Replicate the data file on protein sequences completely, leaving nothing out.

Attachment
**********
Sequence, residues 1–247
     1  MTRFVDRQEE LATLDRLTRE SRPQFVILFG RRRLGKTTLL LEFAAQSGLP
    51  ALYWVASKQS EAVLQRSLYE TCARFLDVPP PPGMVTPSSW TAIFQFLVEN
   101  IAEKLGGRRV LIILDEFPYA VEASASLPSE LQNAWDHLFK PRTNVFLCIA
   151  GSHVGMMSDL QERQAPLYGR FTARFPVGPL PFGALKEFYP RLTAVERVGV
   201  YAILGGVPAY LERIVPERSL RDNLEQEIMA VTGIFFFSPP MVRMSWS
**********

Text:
Sequence, residues 1–247
     1  MTRFVDRQEE LATLDRLTRE SRPQFVILFG RRRLGKTTLL LEFAAQSGLP
    51  ALYWVASKQS EAVLQRSLYE TCARFLDVPP PPGMVTPSSW TAIFQFLVEN
   101  IAEKLGGRRV LIILDEFPYA VEASASLPSE LQNAWDHLFK PRTNVFLCIA
   151  GSHVGMMSDL QERQAPLYGR FTARFPVGPL PFGALKEFYP RLTAVERVGV
   201  YAILGGVPAY LERIVPERSL RDNLEQEIMA VTGIFFFSPP MVRMSWS